This also brings me to my biggest worry about the series so far. Dick takes it upon himself to buy pizza and hotel rooms for the homeless and down on their luck. A nice gesture sure, but also a surface level “fix” for a more complex problem. At this point in the story, it’s unclear if this is meant to be an appropriate sacrifice for a newfound billionaire. To me, a pizza party for the homeless comes off as infantile. I don’t expect every comic book to have the solution for the world’s worst social problems, but when a book engages with such issues, it invites criticism. There’s a very nicely drawn page where we see a large crowd eating pizza outside the pizzeria. Everyone is smiling, the colors are gorgeous, and yet there’s still that going out of business sign in the window. I feel a sense of disconnect between the texture and the text.
A couple villains are introduced here as well. Sal Maroni makes an appearance as he has a meeting with Melinda Zucco and the presence of more typical gangster characters always excites me. This scene also delivers a nice action sequence where Redondo gets to flex his abilities with a lovely two page spread, which tracks Nightwing leaping from a roof all the way down to taking out a couple of Maroni’s goons. The sense of movement, anatomy, and composition is essentially flawless. We also get a glimpse of a mysterious new villain who steals hearts…literally with some sort of gun looking device. I’m interested, but there’s not much given here other than the implication that they prey on the homeless community. There’s a lot of moving pieces in terms of villains and I hope Taylor wrangles them into a cohesive shape soon. However, Dick seems more dead set on acting as a “safety net” for those in need in Blüdhaven. It’s a compelling idea, but the fact that Dick sees himself as a safety net both worries and intrigues me. I’d rather Nightwing take the fight against the powers that be instead of playing defense. Are our comic book characters social workers or are they super heroes? Is the stage being set for Dick’s finances to be used as a bandaid for the corruption of the city or will Dick be more proactive in righting the wrongs being committed against the downtrodden? Or will “the man with no heart” who kills homeless people be a stand in for the actual reasons people find themselves on the street? Only time will tell.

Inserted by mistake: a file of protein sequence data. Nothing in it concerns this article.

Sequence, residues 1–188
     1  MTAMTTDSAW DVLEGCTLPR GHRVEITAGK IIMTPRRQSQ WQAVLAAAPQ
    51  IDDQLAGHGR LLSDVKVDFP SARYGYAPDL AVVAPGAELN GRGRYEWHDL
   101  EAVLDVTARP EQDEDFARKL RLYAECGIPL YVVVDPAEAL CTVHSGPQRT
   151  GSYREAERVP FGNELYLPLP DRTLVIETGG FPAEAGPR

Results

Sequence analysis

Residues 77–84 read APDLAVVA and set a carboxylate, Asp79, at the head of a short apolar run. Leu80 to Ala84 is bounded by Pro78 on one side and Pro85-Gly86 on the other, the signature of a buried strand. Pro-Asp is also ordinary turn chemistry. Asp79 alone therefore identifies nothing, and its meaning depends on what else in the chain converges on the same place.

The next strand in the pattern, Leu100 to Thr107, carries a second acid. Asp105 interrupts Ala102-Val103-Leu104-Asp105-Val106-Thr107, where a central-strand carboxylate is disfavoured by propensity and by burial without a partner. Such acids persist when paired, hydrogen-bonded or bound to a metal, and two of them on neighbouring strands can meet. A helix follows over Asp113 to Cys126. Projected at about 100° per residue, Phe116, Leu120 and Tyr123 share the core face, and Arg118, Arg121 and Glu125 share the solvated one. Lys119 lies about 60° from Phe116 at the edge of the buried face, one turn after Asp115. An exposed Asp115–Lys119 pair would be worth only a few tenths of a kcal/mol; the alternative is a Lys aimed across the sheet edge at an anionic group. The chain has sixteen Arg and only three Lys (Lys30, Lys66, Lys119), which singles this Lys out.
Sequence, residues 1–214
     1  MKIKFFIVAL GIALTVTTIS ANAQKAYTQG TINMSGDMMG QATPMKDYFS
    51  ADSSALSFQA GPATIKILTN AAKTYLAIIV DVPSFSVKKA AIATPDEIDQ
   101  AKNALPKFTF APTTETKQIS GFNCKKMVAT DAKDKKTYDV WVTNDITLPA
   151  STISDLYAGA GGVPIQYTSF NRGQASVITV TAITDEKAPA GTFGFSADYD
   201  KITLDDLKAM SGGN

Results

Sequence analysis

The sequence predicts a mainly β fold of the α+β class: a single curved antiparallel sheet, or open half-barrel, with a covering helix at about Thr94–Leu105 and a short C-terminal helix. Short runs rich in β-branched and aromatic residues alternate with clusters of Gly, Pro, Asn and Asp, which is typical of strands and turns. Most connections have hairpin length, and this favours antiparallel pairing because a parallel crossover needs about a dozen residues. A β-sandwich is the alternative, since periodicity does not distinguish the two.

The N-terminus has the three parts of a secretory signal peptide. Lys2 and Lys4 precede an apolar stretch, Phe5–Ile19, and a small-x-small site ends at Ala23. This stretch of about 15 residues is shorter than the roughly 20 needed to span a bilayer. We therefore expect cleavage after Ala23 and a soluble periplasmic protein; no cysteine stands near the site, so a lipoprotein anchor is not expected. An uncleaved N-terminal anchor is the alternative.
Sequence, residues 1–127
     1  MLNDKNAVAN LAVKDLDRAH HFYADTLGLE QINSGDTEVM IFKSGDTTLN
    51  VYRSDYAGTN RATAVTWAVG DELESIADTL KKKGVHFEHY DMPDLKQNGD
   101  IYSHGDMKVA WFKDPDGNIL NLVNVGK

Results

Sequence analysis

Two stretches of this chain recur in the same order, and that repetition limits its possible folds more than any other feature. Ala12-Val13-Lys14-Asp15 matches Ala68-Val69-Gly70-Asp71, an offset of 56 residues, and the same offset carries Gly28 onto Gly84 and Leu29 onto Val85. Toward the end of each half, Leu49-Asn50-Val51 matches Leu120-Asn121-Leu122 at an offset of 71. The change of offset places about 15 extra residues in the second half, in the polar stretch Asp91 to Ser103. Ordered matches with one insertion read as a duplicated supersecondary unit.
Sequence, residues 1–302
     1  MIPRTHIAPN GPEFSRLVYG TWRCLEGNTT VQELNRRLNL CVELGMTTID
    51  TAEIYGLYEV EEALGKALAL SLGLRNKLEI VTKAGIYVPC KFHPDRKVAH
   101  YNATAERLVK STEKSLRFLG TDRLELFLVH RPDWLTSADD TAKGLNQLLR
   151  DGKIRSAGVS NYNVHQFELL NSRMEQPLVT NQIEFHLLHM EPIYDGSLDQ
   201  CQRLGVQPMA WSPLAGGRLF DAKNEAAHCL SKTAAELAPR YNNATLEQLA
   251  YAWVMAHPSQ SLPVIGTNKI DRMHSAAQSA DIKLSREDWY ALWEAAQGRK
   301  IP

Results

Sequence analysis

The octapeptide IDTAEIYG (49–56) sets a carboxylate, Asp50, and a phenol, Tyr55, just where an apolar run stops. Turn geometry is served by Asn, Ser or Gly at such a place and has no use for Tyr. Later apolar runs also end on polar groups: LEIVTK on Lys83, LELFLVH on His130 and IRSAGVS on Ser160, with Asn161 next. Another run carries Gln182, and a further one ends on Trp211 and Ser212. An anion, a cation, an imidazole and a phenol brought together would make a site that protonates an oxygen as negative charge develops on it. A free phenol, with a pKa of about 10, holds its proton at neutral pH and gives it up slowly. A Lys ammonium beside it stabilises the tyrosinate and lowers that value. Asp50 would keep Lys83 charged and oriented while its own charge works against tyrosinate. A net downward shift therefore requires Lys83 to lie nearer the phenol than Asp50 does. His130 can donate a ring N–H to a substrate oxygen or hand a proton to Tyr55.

- Bruno Redondo, along with Adriano Lucas’ art, is worth the price of admission alone.
- You’ve been waiting for Blüdhaven to feel more like a lived in city with a rich history.
- Simplistic takes on complex social issues don’t drive you away.
Nightwing #79 is a gorgeous and warm hearted book that will please even the most discerning Nightwing fans. While I have reservations about some of the trickier subject matter at hand, it’s hard to deny the sheer charm of the entire production. However, I want more of a narrative to take shape fast. There’s four villains introduced at this point and little motivation given for any of them at this point. Beyond that, Dick is at a contemplative point in his life, which results in a lot of hand wringing instead of exciting action. With a darker ending page, I have little doubt Taylor’s scripts will turn up the heat in the coming months.
Disclaimer: DC Comics provided Batman News with a copy of this comic for the purpose of this review.